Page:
The European Commission released its market brief on fertiliserstoday. Focussing on the economic and environmental impact of fertilisers, the brief found that their use in the EU has stabilised in recent years. However, the adoption of precision farming technologies offers potential for more efficient usage.
The economic benefits of a more efficient application of fertilisers are clear. The price level of fertilisers can have a significant impact on farmers as they account for an average of 10% of consumption costs. Additionally, the cost of nitrogen fertiliser is heavily dependent on the price of natural gas, as this represents 60% to 80% of the production costs. For the agriculture sector, this increases their exposure to volatile world energy prices.
In terms of usage rates, fertiliser use dropped substantially during the 1990’s and 2000’s due to the market-orientated reforms of the Common Agricultural policy. This decrease has begun to plateau, the report notes. This levelling out has been primarily due to a slight growth in usage amongst member states who most recently joined the EU (the EU-N13: Bulgaria, Croatia, Cyprus, Czech Republic, Estonia, Hungary, Latvia, Lithuania, Malta, Poland, Romania, Slovakia and Slovenia). It has counteracted the downwards progression of the other 15 member states.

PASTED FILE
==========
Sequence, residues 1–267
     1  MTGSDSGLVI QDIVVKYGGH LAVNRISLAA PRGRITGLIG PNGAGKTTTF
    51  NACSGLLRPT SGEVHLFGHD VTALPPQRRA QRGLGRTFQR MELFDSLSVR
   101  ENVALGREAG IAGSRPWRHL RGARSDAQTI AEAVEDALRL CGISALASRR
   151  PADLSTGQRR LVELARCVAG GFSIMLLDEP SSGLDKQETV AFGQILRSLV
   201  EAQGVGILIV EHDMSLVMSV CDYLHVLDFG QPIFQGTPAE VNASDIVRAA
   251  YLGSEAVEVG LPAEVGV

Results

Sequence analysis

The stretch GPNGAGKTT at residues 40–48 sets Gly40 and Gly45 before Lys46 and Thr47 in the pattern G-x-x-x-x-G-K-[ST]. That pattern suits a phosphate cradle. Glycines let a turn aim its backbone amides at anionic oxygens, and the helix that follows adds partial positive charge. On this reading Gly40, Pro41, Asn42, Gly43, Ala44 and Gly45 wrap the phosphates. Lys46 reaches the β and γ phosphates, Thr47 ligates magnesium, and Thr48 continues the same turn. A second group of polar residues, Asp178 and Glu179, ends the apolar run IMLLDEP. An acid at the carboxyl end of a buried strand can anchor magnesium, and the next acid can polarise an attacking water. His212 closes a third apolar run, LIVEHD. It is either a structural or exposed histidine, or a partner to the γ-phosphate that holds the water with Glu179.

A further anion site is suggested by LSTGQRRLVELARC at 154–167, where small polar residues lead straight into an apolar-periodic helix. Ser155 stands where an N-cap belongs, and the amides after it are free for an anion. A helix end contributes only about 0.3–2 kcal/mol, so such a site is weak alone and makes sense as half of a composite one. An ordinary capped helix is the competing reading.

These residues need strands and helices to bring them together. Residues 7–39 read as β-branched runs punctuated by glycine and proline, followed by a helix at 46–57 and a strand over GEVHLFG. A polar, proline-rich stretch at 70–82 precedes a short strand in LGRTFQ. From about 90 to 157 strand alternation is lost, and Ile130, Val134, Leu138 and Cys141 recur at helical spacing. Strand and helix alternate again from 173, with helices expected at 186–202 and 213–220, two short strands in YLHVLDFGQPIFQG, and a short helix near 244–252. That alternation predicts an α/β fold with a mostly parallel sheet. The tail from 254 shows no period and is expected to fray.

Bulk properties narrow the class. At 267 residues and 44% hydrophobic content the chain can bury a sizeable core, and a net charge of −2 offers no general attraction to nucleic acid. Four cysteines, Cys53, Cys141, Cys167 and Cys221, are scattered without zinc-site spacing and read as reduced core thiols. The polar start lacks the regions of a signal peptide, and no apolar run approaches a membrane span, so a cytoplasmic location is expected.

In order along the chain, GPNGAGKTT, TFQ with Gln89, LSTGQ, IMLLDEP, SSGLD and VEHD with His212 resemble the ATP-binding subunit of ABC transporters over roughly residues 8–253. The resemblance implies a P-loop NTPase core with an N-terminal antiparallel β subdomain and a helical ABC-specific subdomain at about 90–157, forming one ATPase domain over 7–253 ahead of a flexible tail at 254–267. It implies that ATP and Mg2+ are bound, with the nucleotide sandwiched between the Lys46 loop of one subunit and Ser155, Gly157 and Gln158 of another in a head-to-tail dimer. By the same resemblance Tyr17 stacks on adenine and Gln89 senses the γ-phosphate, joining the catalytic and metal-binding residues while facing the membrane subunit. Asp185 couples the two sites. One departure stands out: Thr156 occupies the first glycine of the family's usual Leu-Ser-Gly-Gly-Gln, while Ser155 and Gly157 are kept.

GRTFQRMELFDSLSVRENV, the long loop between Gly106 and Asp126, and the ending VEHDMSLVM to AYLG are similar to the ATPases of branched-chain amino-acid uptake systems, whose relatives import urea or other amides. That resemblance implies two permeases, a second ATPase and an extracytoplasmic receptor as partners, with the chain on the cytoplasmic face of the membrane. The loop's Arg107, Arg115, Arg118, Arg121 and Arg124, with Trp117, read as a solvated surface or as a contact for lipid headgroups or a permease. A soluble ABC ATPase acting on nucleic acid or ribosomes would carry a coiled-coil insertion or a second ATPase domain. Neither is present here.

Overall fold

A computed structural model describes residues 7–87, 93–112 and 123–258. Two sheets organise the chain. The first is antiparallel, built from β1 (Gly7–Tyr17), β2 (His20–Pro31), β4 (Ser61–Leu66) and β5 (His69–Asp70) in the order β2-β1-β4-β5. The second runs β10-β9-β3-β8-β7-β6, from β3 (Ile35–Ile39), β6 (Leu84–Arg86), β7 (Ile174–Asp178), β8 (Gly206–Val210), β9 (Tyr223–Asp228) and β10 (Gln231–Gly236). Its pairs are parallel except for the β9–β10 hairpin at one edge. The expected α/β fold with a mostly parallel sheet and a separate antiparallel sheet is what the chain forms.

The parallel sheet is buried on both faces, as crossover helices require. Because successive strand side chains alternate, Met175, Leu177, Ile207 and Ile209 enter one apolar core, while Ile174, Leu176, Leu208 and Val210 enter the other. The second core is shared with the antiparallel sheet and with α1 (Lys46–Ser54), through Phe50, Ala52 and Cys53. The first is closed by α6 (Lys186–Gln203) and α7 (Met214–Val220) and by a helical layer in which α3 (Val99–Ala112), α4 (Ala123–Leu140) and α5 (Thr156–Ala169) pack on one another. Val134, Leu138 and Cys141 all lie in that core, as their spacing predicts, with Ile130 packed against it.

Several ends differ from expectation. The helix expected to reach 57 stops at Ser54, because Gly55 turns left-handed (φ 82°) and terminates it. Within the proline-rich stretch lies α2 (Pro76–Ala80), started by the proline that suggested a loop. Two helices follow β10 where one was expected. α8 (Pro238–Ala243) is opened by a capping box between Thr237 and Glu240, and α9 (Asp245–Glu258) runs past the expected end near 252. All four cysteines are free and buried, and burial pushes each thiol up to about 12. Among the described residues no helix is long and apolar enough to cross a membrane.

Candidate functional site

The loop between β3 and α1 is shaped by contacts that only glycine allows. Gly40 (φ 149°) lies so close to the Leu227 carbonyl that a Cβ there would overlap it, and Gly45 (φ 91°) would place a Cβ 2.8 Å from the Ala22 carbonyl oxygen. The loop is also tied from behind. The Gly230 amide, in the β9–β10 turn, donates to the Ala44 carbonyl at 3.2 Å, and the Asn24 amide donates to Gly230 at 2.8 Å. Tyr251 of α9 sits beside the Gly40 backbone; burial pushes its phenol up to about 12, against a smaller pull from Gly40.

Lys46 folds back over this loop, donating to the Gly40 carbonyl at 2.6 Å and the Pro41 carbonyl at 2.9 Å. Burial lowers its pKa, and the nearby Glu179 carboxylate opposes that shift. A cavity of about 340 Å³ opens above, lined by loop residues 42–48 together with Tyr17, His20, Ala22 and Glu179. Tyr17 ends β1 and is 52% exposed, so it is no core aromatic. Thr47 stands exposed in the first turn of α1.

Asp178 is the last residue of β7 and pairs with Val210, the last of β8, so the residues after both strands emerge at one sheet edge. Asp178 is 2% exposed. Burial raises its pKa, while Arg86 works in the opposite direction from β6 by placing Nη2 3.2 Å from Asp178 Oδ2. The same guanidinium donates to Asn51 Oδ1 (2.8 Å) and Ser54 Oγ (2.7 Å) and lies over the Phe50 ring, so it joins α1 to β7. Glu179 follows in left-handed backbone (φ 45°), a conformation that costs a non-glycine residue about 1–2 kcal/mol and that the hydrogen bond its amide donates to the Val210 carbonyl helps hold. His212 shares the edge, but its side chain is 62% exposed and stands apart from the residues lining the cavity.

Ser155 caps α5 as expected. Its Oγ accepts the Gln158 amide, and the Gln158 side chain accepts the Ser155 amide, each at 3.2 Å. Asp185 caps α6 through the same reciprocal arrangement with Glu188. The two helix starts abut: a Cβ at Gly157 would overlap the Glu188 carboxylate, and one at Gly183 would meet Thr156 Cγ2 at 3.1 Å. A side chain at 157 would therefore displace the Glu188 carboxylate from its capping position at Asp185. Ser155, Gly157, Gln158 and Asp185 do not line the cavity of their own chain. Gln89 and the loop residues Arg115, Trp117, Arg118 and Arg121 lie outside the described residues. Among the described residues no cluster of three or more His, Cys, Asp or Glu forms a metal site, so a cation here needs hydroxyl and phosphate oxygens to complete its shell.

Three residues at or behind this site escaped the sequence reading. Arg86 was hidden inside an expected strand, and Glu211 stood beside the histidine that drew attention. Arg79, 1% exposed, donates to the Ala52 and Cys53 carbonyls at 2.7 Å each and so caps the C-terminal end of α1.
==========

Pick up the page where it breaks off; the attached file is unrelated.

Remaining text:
Despite 90% of the fertilisers used in the EU being produced domestically, the EU is still a net importer. The majority of supplies come from Northern Africa, Russia and the US. Phosphate fertilisers are imported to the EU from Morocco and Russia and potash based products come mainly from Russia and Belarus.
The environmental impact of fertiliser usage is mixed. When used appropriately, their use can increase the production of biomass, help capture more carbon dioxide, while simultaneously increasing yields. These increased yields also reduce the pressure on land by allowing more food to be produced in a smaller area, which in turn reduces emissions. Nonetheless, excessive fertiliser use can have negative impacts. This can lead to nitrogen leakage in water courses, and disturb the equilibrium of surrounding ecosystems.